The guys used Annie to help coax some of the other dogs out of the hole. They collected six, thinking they had them all, and returned to the cabin with the pups estimated at 6-7 weeks old.
But they returned to the hole and discovered the seventh pup, who was shy. Other than being dirty and covered in fleas, they were all healthy.
“We were very proud of Annie for what she had done for those pups,” Craddock said. “She literally gave them everything that she had.”
Near the spot, they found pizza boxes and shreds from dog food bags. The men quickly upgraded the dogs’ room and board.
They bought puppy food, flea and tick shampoo and two crates –one for Annie and one for the seven pups – and gave them a bath.
“We didn’t even realize what we were doing when we did it because it was just, that’s what you do,” said Brent Witters, who planned the bachelor party. “You see a group of puppies and you rescue them.”
Witters said he wanted the trip to be memorable for Craddock, his best friend. But he was shocked by the response that followed the rescue.
Their acts turned the men from Vicksburg — a town of about 3,000 people — into Internet superstars and landed them in newspaper articles and on radio and TV segments, including Good Morning America.
“How many bachelor parties end up like this?” said Witters, 24.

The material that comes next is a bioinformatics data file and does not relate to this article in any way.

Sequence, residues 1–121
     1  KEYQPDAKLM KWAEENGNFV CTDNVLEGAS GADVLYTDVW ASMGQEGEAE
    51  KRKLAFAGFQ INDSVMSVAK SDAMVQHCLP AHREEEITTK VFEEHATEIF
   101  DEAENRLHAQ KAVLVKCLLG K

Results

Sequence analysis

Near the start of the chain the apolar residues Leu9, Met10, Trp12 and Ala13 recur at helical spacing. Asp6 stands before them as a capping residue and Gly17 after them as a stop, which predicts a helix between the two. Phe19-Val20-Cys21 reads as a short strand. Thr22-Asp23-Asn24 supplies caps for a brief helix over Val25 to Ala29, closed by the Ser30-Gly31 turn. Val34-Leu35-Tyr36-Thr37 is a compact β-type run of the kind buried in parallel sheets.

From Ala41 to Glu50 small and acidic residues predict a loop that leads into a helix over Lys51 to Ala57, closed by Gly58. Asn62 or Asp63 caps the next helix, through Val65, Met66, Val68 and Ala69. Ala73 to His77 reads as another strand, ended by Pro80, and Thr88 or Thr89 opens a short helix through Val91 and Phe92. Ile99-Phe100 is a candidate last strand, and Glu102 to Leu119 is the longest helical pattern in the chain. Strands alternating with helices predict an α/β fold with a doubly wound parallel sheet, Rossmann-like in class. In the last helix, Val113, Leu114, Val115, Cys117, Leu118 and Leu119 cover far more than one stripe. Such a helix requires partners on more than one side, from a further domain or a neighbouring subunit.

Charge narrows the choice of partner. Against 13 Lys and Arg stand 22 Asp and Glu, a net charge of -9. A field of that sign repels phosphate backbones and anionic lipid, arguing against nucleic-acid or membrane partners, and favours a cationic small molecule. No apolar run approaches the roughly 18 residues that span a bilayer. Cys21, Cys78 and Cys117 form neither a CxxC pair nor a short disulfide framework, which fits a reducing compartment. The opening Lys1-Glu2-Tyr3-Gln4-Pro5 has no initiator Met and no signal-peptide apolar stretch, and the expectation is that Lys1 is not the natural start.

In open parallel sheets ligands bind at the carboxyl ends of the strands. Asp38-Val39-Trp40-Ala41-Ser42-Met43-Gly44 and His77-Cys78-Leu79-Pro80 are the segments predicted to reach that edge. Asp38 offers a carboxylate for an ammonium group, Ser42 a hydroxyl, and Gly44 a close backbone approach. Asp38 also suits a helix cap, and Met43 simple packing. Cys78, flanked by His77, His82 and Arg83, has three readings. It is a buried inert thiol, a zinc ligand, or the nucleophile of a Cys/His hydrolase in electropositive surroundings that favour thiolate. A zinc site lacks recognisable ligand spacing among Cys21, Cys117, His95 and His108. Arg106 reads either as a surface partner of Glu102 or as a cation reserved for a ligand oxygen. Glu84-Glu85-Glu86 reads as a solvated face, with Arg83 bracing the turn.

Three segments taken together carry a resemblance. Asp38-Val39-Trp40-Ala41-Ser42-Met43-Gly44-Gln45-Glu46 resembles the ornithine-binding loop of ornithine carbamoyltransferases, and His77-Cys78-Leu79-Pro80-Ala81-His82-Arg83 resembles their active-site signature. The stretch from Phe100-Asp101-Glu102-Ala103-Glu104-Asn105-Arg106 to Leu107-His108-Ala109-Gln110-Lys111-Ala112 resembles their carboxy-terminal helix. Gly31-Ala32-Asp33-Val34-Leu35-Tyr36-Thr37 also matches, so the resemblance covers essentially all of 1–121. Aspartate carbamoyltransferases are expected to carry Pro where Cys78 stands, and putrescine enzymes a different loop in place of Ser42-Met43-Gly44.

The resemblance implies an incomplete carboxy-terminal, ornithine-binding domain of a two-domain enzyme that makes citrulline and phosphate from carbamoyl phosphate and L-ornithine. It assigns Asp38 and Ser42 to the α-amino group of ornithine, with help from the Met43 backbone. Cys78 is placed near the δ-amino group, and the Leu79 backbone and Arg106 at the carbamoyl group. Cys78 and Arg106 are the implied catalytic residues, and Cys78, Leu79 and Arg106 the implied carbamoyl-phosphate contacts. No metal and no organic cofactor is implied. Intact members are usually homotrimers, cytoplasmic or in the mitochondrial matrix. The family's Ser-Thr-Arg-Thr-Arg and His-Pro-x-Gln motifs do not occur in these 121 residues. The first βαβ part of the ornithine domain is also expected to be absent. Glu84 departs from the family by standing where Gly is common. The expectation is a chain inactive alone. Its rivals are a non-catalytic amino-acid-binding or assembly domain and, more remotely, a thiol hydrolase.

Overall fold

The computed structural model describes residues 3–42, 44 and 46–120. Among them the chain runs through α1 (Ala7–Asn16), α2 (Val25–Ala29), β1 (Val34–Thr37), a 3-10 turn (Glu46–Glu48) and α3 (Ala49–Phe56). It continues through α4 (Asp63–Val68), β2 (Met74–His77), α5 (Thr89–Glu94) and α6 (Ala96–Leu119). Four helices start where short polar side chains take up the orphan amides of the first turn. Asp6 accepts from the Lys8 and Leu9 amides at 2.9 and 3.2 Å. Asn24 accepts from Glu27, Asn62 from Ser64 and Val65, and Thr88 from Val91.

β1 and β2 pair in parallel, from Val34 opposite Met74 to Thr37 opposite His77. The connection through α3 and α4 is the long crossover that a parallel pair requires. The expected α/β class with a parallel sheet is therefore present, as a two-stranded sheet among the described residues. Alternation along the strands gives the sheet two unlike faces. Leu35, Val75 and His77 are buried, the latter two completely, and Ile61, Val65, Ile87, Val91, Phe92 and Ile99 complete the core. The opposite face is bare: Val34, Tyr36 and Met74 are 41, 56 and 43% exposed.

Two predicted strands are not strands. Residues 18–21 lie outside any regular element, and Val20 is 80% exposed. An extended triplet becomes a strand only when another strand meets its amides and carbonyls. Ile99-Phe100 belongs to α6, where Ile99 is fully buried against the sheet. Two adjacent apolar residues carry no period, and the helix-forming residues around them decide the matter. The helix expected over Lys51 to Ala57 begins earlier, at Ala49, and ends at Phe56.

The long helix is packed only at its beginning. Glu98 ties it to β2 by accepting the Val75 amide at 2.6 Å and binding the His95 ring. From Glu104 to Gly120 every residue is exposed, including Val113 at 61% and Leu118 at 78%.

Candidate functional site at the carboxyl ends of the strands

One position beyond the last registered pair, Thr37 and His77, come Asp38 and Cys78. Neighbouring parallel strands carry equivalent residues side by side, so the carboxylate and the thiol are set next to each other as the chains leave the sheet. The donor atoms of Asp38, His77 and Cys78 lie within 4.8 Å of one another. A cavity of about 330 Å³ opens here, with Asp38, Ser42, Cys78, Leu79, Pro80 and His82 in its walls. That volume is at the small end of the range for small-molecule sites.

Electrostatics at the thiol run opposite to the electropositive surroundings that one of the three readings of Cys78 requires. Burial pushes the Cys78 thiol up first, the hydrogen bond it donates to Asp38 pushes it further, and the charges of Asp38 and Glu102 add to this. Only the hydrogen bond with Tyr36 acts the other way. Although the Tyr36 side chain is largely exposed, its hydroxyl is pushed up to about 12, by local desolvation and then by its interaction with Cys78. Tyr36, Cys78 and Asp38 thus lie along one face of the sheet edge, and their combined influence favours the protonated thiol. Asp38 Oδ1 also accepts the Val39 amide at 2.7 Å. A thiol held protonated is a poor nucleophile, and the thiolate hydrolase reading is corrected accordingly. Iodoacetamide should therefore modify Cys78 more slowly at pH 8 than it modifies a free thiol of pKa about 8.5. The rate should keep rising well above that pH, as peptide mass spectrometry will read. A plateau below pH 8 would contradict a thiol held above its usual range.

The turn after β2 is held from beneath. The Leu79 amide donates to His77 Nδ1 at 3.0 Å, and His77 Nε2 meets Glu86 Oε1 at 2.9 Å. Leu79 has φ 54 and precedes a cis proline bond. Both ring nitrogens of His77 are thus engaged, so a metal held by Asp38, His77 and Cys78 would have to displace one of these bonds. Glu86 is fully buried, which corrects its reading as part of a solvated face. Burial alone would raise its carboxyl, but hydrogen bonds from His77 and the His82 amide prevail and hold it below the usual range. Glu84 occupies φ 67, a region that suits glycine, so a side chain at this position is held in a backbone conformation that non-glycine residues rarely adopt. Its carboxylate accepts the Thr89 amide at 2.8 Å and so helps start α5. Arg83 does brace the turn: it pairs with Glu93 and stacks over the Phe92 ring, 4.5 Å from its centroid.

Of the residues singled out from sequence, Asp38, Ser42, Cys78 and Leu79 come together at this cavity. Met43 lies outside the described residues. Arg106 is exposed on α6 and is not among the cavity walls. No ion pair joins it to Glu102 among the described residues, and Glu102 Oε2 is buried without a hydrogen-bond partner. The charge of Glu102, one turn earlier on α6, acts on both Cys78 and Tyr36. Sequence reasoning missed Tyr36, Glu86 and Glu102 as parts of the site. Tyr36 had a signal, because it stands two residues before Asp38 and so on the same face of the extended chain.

It didn’t take long for the pups to find new homes. They ended up with the guys on the trip and relatives.
Craddock’s grandparents Joe and Betty Gruber took Annie, who they call a "super mom" and one of her pups, Bear. The puppy has gained about 20 pounds since he was found.
“If (Annie) gets a treat and Bear doesn’t get one, too, she’ll take the treat in the living room and lay it down on the floor for him to have it first,” Betty Gruber said.
A Facebook page called Tennessee Mutt Puppies was created to update people on the dogs — believed to be a breed known as Mountain Cur by their new owners — and a calendar of the animals is in the works.
Trevor Jennings, 23, the administrator of the Facebook page, also went on the trip and came back with Gunner, a snow-loving, tennis-ball destroyer.
Although he doesn’t consider what happened as much of a story, Jennings said: “It’s just kind of a reminder for people to do the right thing.”
The dogs’ names and new owners:
Brimmie: Adopted by Mitchel Craddock, 23, and his wife Kristen Craddock, 24, of Vicksburg. Brimmie is named after the ATV park, Brimstone, where the men went for his bachelor party two weeks before his wedding Oct. 8.
Bear and Annie: Adopted by Joe and Betty Gruber, grandparents of Craddock. Bear got her name because she looked like a little bear and Annie was named after Little Orphan Annie.
Knox: Adopted by Jake Rowe, 26 of Vicksburg, who was on the trip. The bachelor party was close to Knoxville so that’s how Knox got his name.
Gunner: Adopted by trip participant Trevor Jennings, 23, in reference to hunting.
Daisy: Adopted by David Perkins, 24, of Vicksburg, who was on the trip, and named after the flower of a similar color and the fluffy fur around her head.
Rosie: Adopted by Alex Manchester. He went on the trip, but wasn’t available for the group photo. The dog was in a thorny brier patch.
Finn: Adopted by Manchester’s aunt and uncle, in reference to fishing.